3. Your question is premised on the idea that the price of property fluctuates with the value of living in america. not so. Population growth is not that key of a driver, although it is a big one in lets say ireland. Pop growth is steady in america for a decade. These are americans moving to different homes in america.
4. to answer your question specifically why is there a bubble, you can measure things like P/E ratios (house price / rental income), housing costs/income ratios (this especially addresses your question), credit availability (people have gone way into debt to drive up the prices this high), if they go back to long-run levels of borrowing and saving prices should drop, not stabilize.
5. Bubbles are much more socially acceptable for me to predict in property than in equities. I think the equity markets are also currently way overvalued but nobody listens to me, because if I'm so smart then so are a few other people and they can short-sell the market down to size. In real estate, we're not talking about a random walk. Just like in the P/C insurance cycle we're not talking about a random walk. Because there is no (until recently) arbitrage opportunity for the prescient. This point #5 is not really a winning hand in my proof of a bubble, but it gets me a seat at the table.
07-26-2003, 08:36 PM
1. Thanks, Paddy. Here's what I think of your arguments. If you think I am wrong and care to share, feel free; either way, I would appreciate the use of your password, so I can educate myself (or can I just get my own? Is it pay or subscriber-only?)
2. If the design of the property market causes the bubble, why would you think the bubble would pop (unless the market is changed). For example, it seems obvious that the housing market in the US is inflated due to the tax system, but if you don't change the tax system, then why would the bubble ever burst? (Germans all rent)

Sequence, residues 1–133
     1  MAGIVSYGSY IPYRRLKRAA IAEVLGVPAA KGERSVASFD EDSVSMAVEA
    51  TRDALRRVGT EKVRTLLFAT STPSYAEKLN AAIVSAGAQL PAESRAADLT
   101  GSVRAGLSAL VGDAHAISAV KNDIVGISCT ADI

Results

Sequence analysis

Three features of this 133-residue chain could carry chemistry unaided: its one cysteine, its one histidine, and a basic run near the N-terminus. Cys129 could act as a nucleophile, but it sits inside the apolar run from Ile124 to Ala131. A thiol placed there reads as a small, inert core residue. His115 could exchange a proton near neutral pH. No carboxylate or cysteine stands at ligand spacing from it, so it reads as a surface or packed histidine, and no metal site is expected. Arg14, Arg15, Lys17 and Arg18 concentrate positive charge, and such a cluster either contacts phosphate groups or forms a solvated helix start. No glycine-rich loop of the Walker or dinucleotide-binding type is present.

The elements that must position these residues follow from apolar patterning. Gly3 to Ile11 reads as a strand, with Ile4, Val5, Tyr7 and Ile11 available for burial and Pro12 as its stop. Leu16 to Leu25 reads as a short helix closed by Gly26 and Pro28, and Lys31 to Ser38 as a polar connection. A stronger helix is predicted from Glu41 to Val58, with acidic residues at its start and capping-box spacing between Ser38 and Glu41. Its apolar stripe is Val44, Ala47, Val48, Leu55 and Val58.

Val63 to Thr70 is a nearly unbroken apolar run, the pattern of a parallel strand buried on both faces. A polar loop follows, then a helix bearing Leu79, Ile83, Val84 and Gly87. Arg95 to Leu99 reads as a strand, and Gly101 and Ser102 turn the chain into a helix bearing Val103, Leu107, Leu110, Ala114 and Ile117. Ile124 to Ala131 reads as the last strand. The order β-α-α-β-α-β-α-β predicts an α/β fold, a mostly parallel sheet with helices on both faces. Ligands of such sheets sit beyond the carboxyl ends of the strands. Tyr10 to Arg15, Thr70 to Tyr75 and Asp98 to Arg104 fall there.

3. Why wouldn't people moving here have an impact? This seems like a simple supply/demand irrefutable argument. Or, are you saying that the population growth is and has been constant, therefore it doesn't drive prices? Either way, if the price of living here goes down (either the cost of buying, or the cost of renting, which should be tied to buying, although you seem to be saying that it renting and buying costs are not tied so closely together), I would expect more people to move here, driving the cost back up.
4. As incomes overall rise (in real terms), the percent of incom spent on home ownership is likely to rise, as there are only so many things you can buy, but you can always buy a bigger house (people eventually spend less on a better stereo or a new car, as a percent of income). I expected the increase in home value/income ratio to be part of your argument and I find that to be weak. The rental/price ratio seems like it should be a better indicator, but I wonder if it's distorted by the tax benefits of owning (the bigger your mortgage, the better the tax benefit). Americans' love affair with credit seems problematic at least, and could be a good indicator. The amount I am in debt on my house is scary, and I have lots of friends in worse shape. This seems like a strong argument.
5. "Bubbles are much more socially acceptable for me to predict in property than in equities." I know you are always very concerned about being socially acceptable on this board, you hate to say something that is bothersome to Harry or Shekky :wink: Seriously, I think this is a strong argument in a way - I definitely agree with you that a bubble COULD EXIST over a long period of time in the real estate market. As opposed to the equities market, where it would be exceptionally hard (impossible) for that to happen, at least over the long term.
07-28-2003, 02:55 PM
1. Bill Gates Foundation is investigated for ties to Al-Qaeda, and cleared.
2. Ernst & Young and Deloitte & Touche are denied SEC approval to merge.
3. Oil prices drop to $15 / barrel on November 1.
4. Unemployment in Germany rises to 17%.
5. Detroit, Houston and Philadelphia default on muni bonds.